UWU releases report showing daily ECEC food budgets may leave children hungry
The Sector > Workforce > Advocacy > UWU releases report showing daily ECEC food budgets may leave children hungry

UWU releases report showing daily ECEC food budgets may leave children hungry

by Freya Lucas

March 21, 2022

The United Workers Union (UWU) has released a report following an investigation into the daily food budgets for feeding children attending early childhood education and care (ECEC) services, noting that some providers allocate as little as $0.65 per child per day for food.


Children going hungry found that nearly half of those surveyed (47 per cent) felt that children at their centre were not provided with enough high-quality food to eat while over half of the cooks and chefs who responded (55 per cent) said that the food budget at their centre causes them stress.


60 per cent of those surveyed who work directly in food provision (chefs and cooks in the main) said they had purchased food for children to supplement the budget they were given, and one in five of those who responded said the amount of food available was “never enough” to meet the needs of the children in their care.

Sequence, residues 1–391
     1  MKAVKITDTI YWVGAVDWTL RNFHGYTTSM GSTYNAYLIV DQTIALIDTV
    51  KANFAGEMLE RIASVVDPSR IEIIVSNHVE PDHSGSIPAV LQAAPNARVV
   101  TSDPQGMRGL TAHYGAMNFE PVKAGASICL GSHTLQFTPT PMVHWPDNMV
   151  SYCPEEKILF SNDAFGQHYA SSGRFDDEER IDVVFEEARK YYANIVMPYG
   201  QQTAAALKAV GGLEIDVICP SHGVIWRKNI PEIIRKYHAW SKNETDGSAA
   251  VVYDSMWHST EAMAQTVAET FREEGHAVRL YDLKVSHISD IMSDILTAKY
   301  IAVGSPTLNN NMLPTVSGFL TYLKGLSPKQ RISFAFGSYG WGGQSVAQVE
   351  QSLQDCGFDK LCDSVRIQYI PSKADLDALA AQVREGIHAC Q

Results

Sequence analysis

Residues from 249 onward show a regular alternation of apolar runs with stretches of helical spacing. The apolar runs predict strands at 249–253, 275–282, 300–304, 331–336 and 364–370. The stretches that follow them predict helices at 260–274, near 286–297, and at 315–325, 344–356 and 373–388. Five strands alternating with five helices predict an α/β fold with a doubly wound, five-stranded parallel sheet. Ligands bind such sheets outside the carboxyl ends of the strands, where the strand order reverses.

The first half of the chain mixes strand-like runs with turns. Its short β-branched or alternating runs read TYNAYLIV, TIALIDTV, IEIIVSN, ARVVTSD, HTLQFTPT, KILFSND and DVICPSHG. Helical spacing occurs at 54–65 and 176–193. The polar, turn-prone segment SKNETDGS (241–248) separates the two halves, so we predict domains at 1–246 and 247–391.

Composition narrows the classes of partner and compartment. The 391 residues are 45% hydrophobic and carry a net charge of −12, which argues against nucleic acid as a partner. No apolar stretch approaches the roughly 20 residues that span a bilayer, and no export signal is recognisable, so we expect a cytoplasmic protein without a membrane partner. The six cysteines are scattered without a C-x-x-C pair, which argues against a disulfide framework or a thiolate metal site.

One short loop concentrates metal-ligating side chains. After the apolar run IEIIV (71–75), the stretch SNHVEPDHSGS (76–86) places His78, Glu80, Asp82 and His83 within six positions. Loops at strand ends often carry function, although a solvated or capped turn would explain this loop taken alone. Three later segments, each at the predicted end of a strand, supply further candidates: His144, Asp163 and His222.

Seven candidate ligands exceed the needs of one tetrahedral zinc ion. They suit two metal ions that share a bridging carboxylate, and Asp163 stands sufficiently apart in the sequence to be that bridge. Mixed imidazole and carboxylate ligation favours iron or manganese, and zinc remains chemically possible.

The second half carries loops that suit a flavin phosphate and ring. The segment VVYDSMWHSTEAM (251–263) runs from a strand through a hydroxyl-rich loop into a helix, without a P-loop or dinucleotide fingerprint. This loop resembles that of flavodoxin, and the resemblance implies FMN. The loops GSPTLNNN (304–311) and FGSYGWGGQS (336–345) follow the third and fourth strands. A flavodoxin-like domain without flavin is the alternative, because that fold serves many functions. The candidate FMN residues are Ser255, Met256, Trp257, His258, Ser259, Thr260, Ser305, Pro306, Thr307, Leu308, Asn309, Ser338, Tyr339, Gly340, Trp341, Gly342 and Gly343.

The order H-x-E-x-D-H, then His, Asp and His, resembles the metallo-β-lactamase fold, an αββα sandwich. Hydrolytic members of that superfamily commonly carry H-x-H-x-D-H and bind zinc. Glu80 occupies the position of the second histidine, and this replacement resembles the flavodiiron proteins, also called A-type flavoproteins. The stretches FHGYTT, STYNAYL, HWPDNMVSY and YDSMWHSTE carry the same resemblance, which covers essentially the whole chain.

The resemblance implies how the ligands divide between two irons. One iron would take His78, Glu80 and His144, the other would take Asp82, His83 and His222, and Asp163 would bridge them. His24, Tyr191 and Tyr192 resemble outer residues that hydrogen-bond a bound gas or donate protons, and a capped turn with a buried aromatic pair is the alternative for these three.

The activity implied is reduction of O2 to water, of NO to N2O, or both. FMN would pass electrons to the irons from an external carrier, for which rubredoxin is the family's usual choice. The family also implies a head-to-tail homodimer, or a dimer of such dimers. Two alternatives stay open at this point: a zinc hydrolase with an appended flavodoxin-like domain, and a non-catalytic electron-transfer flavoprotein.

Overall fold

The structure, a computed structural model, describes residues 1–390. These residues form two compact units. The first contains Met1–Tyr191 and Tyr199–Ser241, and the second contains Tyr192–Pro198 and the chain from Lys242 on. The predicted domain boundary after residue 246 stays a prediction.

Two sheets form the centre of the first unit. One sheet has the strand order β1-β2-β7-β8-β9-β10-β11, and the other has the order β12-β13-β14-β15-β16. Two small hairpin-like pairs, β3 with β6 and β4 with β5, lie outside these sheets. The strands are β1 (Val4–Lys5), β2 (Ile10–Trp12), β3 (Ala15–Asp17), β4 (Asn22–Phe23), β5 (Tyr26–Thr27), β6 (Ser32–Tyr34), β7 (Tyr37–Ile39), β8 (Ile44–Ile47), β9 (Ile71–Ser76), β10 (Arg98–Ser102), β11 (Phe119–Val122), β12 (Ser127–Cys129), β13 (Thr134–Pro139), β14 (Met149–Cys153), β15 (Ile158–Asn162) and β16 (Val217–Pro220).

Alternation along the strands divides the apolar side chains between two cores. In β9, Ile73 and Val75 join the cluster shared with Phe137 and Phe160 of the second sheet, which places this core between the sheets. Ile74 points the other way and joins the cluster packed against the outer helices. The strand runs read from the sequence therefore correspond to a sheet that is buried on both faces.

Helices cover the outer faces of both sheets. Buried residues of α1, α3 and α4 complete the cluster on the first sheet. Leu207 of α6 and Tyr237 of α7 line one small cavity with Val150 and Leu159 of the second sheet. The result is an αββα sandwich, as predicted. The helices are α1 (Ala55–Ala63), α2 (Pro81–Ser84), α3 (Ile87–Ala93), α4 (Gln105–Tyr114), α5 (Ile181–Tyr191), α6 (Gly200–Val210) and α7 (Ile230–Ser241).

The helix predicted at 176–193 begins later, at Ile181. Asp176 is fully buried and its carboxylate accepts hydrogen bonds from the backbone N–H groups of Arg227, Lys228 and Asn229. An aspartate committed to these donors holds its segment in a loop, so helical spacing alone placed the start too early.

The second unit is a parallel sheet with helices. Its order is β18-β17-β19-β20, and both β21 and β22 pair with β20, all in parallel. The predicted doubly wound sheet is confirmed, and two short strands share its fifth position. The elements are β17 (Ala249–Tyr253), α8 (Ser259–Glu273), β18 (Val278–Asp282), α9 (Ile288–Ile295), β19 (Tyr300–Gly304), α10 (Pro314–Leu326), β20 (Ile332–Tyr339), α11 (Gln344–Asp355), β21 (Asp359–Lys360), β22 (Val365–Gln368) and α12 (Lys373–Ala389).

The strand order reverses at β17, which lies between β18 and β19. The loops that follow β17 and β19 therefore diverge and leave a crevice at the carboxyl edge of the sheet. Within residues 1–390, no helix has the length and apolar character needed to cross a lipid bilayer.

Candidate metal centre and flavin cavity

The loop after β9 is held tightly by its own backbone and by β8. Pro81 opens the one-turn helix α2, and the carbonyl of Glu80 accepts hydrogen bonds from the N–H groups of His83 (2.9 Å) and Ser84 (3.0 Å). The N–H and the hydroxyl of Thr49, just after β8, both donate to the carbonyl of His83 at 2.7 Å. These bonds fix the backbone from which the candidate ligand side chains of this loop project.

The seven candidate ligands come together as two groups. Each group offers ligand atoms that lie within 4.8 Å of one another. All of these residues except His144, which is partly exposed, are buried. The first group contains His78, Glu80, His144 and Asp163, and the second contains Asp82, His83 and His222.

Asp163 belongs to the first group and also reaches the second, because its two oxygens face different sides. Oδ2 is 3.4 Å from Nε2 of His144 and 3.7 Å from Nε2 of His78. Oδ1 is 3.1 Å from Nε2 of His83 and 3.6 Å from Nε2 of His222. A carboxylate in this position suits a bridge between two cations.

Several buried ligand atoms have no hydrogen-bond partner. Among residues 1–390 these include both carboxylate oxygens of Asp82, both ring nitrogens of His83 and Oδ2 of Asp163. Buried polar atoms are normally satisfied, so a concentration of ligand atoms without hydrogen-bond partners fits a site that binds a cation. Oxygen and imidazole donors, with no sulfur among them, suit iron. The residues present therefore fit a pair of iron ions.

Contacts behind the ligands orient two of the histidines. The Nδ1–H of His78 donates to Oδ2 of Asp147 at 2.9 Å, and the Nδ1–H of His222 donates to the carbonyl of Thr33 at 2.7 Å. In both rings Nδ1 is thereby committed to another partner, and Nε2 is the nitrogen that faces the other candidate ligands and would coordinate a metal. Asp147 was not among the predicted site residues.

“The food budgets reported by educators are a disgrace,” UWU Director Early Education Helen Gibbons said. “How can $0.65 possibly be enough to provide adequate nutrition for a developing child?”


Ms Gibbons was referring to the report finding which showed that food budgets ranged widely between $0.65 – $5 per day per child. The average overall for food budgets was $2.15 per day per child.


The results also showed that for-profit providers had lower average daily budgets, and that educators working within those services reported lower quality food, instances where educators were more likely to experience stress due to food budgets, and that educators were more likely to purchase food out of their own pocket.


Ms Gibbons expressed concern that cost-cutting measures were being applied to food budgets in order to improve the bottom line for services. 


“Educators who cannot stand to see children without enough to eat are buying food staples out of their own low wages, in a sector that is unsustainable for workers, children and parents,” she said.


“This cannot be allowed to continue. Parents deserve to know how much of their fees are being spent on feeding their children.”


To access the report in full please see here

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